JCVI: Research / Projects / Urethral Catheter-Associated Polybacterial Biofilm Formation and Dispersal / Overview
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Urethral Catheter-Associated Polybacterial Biofilm Formation and Dispersal


Biofilms are matrix-enclosed microbial assemblies adhering to non-biological and biological surfaces. They undergo dynamic environment-dependent changes. Many biofilms constitute complex microbial communities rather than assemblies composed of one or a few species. Species unculturable under most in vitro growth conditions may contribute to these biofilms. The most frequently occurring biofilm-associated infection world-wide is the urinary tract infection (UTI).

Nosocomial indwelling catheter-associated urinary tract infections (CA-UTI) are contracted by more than 1 million patients per year in the U.S. alone. Bacteria colonizing the catheters are highly adapted to the production of biofilms. Reasons as to why bacterial colonization of long term-inserted urethral catheters results in CA-UTIs versus asymptomatic bacteriuria (CA-ASB) are essentially not known, and causative factors pertaining to the host environment and complexity of microbial biofilms may be implicated.

Recent 16S rRNA gene surveys have indicated that microbial complexity of CA biofilms and urinary precipitates is higher than previously thought. The overall objective of this proposal is to characterize the dynamic formation and dispersal of these biofilms, as well as the triggers controlling relative human host inertia versus inflammatory responses. We hypothesize that a dynamic balance is established among pathogenic and lesser-characterized generally harmless bacteria, influencing the extent of the human host’s immune responses.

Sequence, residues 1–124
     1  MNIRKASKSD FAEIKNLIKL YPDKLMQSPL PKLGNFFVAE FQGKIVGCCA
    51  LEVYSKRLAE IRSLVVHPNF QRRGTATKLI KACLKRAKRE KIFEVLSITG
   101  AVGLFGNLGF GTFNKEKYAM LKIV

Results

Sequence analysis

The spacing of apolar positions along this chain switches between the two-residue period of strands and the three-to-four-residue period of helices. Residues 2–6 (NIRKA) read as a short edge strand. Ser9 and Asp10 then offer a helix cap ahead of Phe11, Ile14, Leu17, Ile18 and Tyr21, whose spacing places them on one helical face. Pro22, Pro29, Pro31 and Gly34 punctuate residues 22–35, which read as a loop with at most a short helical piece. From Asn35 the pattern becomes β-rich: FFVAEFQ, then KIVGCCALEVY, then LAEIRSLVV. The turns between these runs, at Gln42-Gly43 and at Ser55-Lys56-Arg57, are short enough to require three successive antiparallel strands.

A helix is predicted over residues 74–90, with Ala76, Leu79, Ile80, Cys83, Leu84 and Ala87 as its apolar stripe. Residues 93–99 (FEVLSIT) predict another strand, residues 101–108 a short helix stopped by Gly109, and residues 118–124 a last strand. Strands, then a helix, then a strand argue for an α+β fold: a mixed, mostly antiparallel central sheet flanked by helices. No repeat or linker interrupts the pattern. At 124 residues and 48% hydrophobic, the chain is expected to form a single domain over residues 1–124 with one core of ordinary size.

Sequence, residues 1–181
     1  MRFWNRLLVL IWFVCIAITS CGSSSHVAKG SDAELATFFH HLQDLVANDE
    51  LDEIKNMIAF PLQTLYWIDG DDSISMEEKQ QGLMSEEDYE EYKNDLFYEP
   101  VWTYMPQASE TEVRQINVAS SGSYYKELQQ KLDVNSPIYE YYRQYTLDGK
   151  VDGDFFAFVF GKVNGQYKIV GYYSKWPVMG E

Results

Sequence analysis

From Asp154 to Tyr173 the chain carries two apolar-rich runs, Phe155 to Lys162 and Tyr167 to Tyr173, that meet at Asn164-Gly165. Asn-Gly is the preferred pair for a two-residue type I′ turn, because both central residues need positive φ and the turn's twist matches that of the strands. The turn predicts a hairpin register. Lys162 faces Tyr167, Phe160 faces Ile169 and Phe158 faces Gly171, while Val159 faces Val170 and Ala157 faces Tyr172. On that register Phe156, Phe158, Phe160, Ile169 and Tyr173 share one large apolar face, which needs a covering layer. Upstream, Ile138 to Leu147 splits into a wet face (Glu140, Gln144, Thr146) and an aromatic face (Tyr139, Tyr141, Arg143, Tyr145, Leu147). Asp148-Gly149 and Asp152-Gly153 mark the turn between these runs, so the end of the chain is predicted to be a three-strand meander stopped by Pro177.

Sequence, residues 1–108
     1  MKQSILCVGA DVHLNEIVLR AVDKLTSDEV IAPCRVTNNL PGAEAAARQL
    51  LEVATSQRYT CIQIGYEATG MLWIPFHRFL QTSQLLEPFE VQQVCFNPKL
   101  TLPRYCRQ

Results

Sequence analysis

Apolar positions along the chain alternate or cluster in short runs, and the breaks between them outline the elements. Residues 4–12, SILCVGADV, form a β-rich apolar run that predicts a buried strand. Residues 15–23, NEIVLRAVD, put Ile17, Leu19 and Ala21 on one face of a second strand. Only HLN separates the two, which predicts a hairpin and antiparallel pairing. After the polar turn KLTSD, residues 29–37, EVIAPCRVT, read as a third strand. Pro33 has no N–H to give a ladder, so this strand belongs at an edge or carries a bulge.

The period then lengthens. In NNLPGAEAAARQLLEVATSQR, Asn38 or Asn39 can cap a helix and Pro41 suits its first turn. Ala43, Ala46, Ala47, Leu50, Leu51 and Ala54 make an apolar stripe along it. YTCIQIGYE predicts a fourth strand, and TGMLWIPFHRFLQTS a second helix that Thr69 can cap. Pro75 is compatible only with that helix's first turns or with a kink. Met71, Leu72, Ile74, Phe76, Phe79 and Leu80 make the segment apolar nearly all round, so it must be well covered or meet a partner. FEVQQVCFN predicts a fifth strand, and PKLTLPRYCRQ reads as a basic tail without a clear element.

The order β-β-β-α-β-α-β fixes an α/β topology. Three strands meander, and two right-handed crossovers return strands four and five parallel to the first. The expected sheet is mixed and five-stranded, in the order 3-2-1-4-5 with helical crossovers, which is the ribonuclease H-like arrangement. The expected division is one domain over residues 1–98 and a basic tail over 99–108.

A systems biology approach allows integration of diverse molecular datasets to elucidate signaling among microbial species responsible for cooperative as well as competitive behaviors and with the urothelial host defense system. The first Specific Aim is to profile the metagenome, metaproteome and metabolome of CA biofilms and dispersed bacterial aggregates from clinical cases in a longitudinal study design. The second Specific Aim is to evaluate in vitro model systems inoculated with CA biofilm isolates and perform ‘omics analysis on in vitro developing biofilms. The in vitro model systems will be based on co-cultivation of CA biofilm isolates with controlled level of oxygenation and synthetic urine as growth media. The third Specific Aim is to integrate and analyze metagenomic, metaproteomic and metabolomic datasets using advanced bioinformatics and multivariate statistics methods.

We intend to identify biosignatures at five different levels: species, bacterial and host proteins and metabolites that characterize patterns of microbial communication with each other in the time domain and allow (poly)bacterial pathogen-correlated assessments of host tolerance and host defense. We predict that the results will not only have profound implications as regards biofilm dynamics, but will also reveal biosignatures relevant in the context of diseases not limited to one infectious agent other than CA-UTI.


National Institute of General Medical Sciences, NIH

Principal Investigators

Rembert Pieper

Karen Nelson


Slava Epstein
Northeastern University, Boston